Signs of a shift in the market for wind
To say that the market for wind turbines is in flux at the moment is putting it lightly.
The traditional major markets specifically in the small and medium turbine segment — the United States, China and the United Kingdom — have seen significantly slower or declining growth in the last two years as a result of a lagging global economy and a reduction in government incentives.
As outlined in a recent Navigant Research report, small and medium wind turbines are defined as any turbine rated 1,000 kW or less. The primary buyers of these size turbines are owners or commercial, agricultural and residential properties looking to boost their energy independence as well as developers of microgrids and remote systems looking to bring power to rural villages and communities.
Currently, the industry for small and medium wind turbines is heavily reliant on incentives to drive growth. The most popular of these incentives is the feed-in tariff (FIT), which offers renewable energy developers guaranteed payments for electricity produced, typically over a contract period of 15-20 years.
Small and medium wind’s main competitor, solar PV, is continuing to see declining prices as well as incentive programs that favor the technology over distributed wind.
As a result, manufacturers of small and medium wind turbines and project developers are having to get creative and expand their reach in order to find new and emerging markets to tap into.
Perhaps the most significant shift in the small and medium wind industry has been the decline (if not flat-out collapse) of the industry in the United Kingdom. In 2014, small and medium wind installations in the region surpassed 180 MW in capacity. By 2016, that figure had fallen below 30 MW.
Thanks to expiring and rapidly decreasing government incentives, namely FITs, it became extremely difficult for the technology to remain competitive in the distributed generation space. None felt this shift more than U.K.-based Endurance Wind, which filed for bankruptcy in 2016.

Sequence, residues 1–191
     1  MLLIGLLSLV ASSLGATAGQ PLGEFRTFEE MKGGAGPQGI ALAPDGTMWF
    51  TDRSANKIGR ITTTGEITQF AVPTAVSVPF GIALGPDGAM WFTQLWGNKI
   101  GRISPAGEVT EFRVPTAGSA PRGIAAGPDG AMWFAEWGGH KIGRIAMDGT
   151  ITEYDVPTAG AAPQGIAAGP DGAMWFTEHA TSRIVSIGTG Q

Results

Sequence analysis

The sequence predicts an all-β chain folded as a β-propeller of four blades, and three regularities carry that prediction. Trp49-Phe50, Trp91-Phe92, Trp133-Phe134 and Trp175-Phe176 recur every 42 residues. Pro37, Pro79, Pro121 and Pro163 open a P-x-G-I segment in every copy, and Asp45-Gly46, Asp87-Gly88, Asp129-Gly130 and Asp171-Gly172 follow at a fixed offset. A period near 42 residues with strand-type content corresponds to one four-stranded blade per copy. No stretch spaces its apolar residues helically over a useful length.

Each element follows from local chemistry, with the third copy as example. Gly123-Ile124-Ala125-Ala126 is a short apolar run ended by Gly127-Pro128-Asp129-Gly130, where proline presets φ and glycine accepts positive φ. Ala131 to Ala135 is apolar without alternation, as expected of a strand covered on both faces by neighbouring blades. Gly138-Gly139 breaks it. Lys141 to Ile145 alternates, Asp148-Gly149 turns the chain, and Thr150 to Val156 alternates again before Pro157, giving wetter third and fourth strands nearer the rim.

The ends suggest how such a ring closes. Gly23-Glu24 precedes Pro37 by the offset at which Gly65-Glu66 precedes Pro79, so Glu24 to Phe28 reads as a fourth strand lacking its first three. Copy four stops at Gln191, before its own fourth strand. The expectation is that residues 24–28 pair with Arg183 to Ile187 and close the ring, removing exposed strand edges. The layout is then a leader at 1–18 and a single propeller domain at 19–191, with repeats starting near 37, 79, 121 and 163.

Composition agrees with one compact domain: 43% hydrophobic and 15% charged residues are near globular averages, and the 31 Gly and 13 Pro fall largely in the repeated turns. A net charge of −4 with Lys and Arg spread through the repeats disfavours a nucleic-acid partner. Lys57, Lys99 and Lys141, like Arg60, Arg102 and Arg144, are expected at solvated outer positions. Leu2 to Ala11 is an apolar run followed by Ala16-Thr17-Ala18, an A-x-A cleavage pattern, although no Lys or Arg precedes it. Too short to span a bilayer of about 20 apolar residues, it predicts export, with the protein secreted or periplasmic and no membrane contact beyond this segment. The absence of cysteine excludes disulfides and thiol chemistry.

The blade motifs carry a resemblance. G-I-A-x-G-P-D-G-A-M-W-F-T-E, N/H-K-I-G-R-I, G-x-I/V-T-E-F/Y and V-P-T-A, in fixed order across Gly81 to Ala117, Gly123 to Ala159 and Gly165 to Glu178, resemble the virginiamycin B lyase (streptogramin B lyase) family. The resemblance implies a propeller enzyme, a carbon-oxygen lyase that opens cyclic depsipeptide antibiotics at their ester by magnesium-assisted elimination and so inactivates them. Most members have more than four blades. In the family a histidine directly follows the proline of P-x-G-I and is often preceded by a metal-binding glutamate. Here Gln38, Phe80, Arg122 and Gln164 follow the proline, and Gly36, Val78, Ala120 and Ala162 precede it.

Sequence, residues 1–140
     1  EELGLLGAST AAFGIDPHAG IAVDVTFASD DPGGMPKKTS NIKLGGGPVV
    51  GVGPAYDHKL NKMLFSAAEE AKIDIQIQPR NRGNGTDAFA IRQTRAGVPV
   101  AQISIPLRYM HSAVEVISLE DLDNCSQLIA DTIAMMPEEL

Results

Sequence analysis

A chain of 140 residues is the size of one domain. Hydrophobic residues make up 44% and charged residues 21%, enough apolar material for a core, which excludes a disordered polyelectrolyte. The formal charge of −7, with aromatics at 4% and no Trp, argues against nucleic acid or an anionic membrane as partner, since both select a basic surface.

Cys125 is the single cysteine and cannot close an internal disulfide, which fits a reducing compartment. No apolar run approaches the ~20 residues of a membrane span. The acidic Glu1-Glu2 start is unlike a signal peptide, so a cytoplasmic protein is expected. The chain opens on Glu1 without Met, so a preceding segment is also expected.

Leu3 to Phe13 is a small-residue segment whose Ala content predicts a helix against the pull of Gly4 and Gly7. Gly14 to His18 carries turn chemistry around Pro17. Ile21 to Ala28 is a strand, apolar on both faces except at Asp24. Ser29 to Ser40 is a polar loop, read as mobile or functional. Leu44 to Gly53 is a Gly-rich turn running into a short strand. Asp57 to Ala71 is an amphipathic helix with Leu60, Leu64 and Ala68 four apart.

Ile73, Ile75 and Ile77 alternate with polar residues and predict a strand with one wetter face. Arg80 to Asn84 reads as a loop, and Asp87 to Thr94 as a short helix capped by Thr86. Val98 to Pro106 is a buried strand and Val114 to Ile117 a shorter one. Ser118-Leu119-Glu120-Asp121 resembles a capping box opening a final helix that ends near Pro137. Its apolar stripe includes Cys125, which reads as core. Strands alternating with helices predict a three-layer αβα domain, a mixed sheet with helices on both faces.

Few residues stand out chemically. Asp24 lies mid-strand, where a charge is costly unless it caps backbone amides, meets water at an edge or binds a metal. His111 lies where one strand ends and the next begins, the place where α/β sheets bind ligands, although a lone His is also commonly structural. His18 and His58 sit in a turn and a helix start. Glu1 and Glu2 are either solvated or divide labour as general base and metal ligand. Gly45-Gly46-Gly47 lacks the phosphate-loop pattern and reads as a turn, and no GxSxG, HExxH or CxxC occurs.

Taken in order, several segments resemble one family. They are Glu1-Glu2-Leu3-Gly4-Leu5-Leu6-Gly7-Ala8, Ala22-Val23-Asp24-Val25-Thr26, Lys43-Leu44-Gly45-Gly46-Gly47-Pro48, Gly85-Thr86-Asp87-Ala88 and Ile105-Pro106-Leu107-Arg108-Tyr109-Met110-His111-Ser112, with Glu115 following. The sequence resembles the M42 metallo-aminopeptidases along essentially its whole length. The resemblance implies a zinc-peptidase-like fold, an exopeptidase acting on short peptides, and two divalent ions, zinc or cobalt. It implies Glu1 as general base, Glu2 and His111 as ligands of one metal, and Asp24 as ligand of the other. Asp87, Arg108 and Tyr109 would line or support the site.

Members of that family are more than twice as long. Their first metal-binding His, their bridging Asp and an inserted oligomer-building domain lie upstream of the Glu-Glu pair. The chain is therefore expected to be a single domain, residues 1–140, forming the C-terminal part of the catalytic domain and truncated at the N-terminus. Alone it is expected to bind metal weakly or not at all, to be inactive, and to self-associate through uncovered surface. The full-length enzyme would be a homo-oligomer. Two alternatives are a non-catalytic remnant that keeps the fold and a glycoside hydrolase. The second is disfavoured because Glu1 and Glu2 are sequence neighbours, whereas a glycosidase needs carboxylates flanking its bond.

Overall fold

The United States saw a comparative drop after 2012 after the expiration of notable government programs such as the 1603 Cash Grant Program. By 2014, small and medium wind installations in the United States were less than one-fifth of what they were in 2011 and 2012.
China hasn’t seen such a precipitous drop off in installed capacity for small and medium wind as the United States and United Kingdom, but the market has seen a similar slowdown in recent years. This slump is confined to the small and medium segment seeing as China installed over 23 GW of large scale wind last year and 30 GW in 2015 alone.
(Sources: Navigant Research, National Renewable Energy Laboratory)
A positive outlook
That said, the outlook for small and medium wind is not all dire — far from it, in fact. Several countries still have or recently have implemented favorable incentive programs for the technology.
Most notable is Japan, which has put an aggressive FIT in place at $0.47/kWh for wind turbines of less than 20 kW. Denmark has a similar program, with a FIT rate of $0.37/kWh for turbines less than 10 kW or $0.22/kWh for turbines between 10 kW and 25 kW.
Italy has been one of the most consistent markets for small and medium wind in Europe and around the globe thanks to favorable programs in place for wind turbines rated 200 kW or less. Units between 1 kW and 20 kW currently have a rate of $0.32/kWh in Italy, while turbines rated between 20 kW and 200 kW are given a FIT rate of $0.29/kWh.